If New York’s Christopher Street taught us anything, it is that a street in a gay part of town is the ultimate cruising ground. I applaud the guys who make hookups happen simply from exchanging glances with the men they pass on the sidewalk. Doing so takes game, body-reading skills, improvisation, and guts. I have not mastered the art of street cruising, but I have felt that heightened tension when walking down a sidewalk in a gayborhood — the Castro in San Francisco, the streets of Hell’s Kitchen, Santa Monica Boulevard in West Hollywood — and knowing that I am in cruise territory. The eyes are on you.

11. Gyms

Second to circuit parties, gyms are some of the most erotic places in the world. A place where sweaty guys work out in minimal clothing, strip in front of each other, take showers, and sometimes sit together in a steam room is going to be a gay cruise zone — how could it be anything else?

Some gyms will have a stronger cruising vibe than others, depending on the neighborhood. Gayborhood gyms are almost asking for public sex, while gyms in smaller towns and conservative communities might be higher risk. In general, though, you are bound to face some repercussion if you get caught by a staff member. 

12. Coffee Shops

Many people, myself included, like to people-watch at coffee shops. Coffee shops are places where you can retreat from the bustle of life, read a book, do some work on the computer, and sip your overpriced lavender mocha. A good coffee shop has a feeling of de-stress and coziness. And since I love being around men — their presence automatically makes me feel comfortable, like being in a locker room — I love coffee shops in gay neighborhoods. Cruising comes naturally to these places, since people-watching and cruising are basically the same thing, and what better way to lick the foam off your lips than having someone lick it off for you?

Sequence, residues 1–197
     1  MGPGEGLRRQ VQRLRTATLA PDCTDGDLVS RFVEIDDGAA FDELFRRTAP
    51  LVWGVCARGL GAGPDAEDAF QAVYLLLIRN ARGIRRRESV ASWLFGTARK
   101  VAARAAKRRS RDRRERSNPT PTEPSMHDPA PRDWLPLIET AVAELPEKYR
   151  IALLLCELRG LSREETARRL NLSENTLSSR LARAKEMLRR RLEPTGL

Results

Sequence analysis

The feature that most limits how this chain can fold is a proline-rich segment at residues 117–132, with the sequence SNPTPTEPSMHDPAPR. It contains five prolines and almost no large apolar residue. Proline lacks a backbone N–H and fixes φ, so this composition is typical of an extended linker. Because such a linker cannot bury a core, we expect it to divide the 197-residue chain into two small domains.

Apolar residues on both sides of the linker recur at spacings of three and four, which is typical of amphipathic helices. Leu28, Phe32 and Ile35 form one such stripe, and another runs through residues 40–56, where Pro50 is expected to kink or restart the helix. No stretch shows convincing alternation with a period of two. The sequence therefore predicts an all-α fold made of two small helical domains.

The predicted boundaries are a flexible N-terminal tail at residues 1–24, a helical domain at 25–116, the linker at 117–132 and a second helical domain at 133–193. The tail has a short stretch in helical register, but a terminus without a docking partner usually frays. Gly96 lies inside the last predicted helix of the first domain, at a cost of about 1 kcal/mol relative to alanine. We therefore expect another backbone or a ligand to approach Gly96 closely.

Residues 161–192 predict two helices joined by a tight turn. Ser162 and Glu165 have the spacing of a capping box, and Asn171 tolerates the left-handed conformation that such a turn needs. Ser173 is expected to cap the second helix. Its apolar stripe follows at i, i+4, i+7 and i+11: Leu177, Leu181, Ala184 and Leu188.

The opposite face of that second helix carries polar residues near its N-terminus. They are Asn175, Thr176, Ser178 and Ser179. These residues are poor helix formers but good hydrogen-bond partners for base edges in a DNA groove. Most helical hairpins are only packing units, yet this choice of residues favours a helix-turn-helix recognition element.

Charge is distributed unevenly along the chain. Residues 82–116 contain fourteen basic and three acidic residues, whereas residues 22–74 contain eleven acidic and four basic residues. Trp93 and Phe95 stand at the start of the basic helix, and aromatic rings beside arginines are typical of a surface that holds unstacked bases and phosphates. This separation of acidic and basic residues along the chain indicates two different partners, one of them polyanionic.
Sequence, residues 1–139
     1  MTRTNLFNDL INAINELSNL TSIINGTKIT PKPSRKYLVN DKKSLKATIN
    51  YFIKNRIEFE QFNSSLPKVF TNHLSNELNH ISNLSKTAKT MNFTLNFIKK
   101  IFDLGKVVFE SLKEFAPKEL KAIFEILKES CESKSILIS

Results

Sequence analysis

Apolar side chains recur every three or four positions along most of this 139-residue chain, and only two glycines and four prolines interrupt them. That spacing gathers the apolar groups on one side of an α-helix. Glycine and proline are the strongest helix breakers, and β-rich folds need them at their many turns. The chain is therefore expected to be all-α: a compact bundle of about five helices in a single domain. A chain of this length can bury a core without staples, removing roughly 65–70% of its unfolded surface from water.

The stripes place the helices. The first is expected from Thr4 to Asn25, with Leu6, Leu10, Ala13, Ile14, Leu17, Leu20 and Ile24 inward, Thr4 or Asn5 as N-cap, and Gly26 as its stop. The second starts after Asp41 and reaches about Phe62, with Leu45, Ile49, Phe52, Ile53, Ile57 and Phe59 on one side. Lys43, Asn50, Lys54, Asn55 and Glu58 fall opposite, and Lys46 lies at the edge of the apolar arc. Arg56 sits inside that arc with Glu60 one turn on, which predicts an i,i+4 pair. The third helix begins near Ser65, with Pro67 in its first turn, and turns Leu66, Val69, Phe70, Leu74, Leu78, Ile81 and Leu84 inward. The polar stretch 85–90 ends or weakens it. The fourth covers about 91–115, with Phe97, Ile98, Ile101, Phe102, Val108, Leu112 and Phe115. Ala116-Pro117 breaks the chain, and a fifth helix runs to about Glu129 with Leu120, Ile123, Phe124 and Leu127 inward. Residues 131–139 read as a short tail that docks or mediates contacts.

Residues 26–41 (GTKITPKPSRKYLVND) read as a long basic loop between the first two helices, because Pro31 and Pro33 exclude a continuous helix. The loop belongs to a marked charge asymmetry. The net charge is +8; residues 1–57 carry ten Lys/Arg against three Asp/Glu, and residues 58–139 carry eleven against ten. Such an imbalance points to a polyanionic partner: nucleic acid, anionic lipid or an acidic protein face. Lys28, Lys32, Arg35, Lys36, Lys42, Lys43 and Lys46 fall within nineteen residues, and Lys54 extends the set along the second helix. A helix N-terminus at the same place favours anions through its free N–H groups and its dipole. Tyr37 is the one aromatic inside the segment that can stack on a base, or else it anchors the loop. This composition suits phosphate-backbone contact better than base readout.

13. Bookstores

My parents suspected I was gay years before I even knew what “gay” meant — maybe all that finger-painting and borrowing my mom’s eyebrow pencil gave something away — and they installed a parental blocker on our Internet that blocked absolutely everything. The blocker restricted sites according to keywords. “Gay,” I later learned, was one of them. 

Internet porn was never an option, so I didn’t grow up missing it. When we went shopping, my parents would leave me in Barnes & Noble for hours while they went with my sister to try on jeans. Parents, if you don’t want your kids to be gay, do not leave them alone in a bookstore. 

Barnes & Noble is a treasure trove of homosexuality. I discovered the seminal book by Charles Silverstein and Edmund White in the LGBT section when I was 10. And the magazines! Unzipped, Attitude, and The Advocate were my first signs of gay life; the first proof I had that others were out there. When I stumbled across , a collection of erotic male photography by David E. Armstrong, my life was changed forever. I grabbed the book and ran to the restroom. I sat in a stall for an hour, turning the pages slowly, trembling. 

Several years later, when I was able to drive to bookstores by myself, I was again sitting in the bathroom of Barnes & Noble, probably looking through a copy of Unzipped magazine, when the guy in the stall next to me said, “Hey…you okay, dude?” And that was the first time I had public sex. 

Bookstores are pits of sin. Visit them as often as you can. Literacy is important. 

15. Cafés and local gay-owned businesses

Gay-owned businesses are not always cruising zones, but LGBT people tend to feel comfortable in them and patronize them, so you are more likely to find an guy who is down-to-fuck in, say, your local gay-owned ice cream shop than Ben & Jerry’s. 

We support these businesses because we assume their workers have workplace protections and/or same-sex partner benefits, and we assume that their environments, if they cater to the public, are at least LGBT-friendly. This is why your local gay-owned café is probably a cruising zone. Maybe it is located in a gayborhood, or maybe it is the one business in your conservative town where you can be yourself. Visit often, be friends with the people who work there, and keep an eye peeled — ready and restless guys are around every corner.